The second law says that entropy always increases into the future. This means that over time our universe will tend to a state of maximum entropy - a state that cosmologists call the heat death of the universe. In this state, there will be no stars or planets, and everything in the universe will ultimately be in thermal equilibrium, which means that nothing interesting will happen anymore. Not a bright future.

Don’t worry about it. You’ve got many years before that happens - based on current calculations, we’re talking about trillions and trillions of years. But that fun fact is beside the point.

The second law also says that not only will entropy be higher in the future, but it was also *lower *in the past - that the further back in time we go, the lower the universe's entropy was. While this is a simple accurate description of all our observations, it's not easy to understand why it is true regarding the past.

We can understand why entropy and disorder will be higher in the future because of the statistics of random processes. This also meets our everyday observations. We find, for example, that eggs roll off of countertops, and splatter all over the floor. However, we never find the reverse happening, a cracked egg rising off the floor and reassembling on the countertop.

But it becomes much trickier when we try to use the same type of statistical reasoning regarding the past. In fact, if we apply the statistical reasoning of the second law to the past, we get something completely at odds with all our observations. Namely, the statistical logic that underlies the second law seems to tell us that even if we find a system in a low entropy state, the most likely explanation of where it came from is a random fluctuation from a higher state in the *past,* just as it will move to a higher entropy state in the future.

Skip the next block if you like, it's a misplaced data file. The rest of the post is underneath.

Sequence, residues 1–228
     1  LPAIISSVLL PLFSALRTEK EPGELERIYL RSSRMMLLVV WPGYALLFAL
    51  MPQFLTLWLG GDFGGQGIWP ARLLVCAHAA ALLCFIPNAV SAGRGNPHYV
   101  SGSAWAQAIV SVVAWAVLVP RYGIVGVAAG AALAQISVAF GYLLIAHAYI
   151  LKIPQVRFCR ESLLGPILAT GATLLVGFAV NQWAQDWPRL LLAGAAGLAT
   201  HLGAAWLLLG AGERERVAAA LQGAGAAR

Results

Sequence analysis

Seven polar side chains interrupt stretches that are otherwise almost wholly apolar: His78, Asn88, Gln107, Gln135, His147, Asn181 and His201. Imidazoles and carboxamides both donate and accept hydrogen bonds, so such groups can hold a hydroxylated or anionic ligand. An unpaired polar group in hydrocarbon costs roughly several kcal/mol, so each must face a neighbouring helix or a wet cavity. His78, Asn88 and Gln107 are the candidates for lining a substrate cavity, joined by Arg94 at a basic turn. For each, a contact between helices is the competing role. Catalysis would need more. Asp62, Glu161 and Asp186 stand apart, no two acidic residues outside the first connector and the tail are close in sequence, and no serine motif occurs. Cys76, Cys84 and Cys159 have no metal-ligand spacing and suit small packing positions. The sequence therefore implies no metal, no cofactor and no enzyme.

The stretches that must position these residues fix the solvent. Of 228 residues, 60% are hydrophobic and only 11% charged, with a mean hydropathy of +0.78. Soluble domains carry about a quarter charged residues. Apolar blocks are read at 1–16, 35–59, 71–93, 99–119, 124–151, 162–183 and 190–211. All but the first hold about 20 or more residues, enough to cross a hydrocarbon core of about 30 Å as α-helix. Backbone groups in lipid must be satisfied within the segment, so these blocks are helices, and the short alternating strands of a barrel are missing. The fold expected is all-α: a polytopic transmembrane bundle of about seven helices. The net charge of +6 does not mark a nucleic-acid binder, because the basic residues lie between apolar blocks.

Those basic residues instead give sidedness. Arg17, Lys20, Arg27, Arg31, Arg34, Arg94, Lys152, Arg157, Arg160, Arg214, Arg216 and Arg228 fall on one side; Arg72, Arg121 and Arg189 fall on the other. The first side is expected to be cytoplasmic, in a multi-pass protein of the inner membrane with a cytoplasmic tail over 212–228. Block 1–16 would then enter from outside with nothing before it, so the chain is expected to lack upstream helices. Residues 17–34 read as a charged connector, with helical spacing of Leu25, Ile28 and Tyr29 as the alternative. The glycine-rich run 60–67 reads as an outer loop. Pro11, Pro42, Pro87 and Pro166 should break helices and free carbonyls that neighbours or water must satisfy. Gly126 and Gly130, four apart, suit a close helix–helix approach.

For example, if you randomly shake a box of 100 coins and find it has 75 heads, it was most likely preceded by a past state that was closer to 50 heads, just like shaking it more will most likely lead to a future state of 50 heads.

As Brian Greene said in __The Fabric of the Cosmos__:

This leads us to a simple but astounding point…all of the reasoning we have used to argue that systems will evolve from lower to higher entropy toward the future works equally well when applied toward the past…not only is there an overwhelming probability that the entropy of a physical system will be higher in what we call the future, but there is the same overwhelming probability that it was higher in what we call the past…Entropic reasoning yields accurate and sensible conclusions when applied in one time direction, toward what we call the future, but gives apparently inaccurate and seemingly ridiculous conclusions when applied toward what we call the past.